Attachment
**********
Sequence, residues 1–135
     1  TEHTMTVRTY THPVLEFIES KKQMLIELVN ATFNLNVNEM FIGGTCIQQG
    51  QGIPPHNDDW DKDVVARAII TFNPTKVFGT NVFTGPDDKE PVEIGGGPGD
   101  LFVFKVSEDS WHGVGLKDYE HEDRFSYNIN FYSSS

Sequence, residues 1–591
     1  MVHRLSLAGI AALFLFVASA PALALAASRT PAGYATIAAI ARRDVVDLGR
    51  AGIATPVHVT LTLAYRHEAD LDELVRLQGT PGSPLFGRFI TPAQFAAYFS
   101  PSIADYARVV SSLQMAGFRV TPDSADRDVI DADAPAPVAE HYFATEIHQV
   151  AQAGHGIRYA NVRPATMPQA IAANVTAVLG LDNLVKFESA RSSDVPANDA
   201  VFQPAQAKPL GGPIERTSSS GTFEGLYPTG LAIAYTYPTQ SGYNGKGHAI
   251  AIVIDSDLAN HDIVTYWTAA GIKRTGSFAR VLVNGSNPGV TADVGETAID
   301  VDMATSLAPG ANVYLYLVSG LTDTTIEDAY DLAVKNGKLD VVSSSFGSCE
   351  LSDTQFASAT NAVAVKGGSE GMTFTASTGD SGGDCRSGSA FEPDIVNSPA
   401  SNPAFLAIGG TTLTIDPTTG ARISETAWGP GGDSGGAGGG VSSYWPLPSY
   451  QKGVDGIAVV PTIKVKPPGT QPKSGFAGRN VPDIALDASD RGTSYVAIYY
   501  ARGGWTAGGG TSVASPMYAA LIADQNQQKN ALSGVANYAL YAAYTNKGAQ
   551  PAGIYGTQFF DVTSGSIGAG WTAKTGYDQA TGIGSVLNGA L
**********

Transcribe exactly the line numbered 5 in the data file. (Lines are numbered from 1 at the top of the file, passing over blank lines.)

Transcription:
Sequence, residues 1–591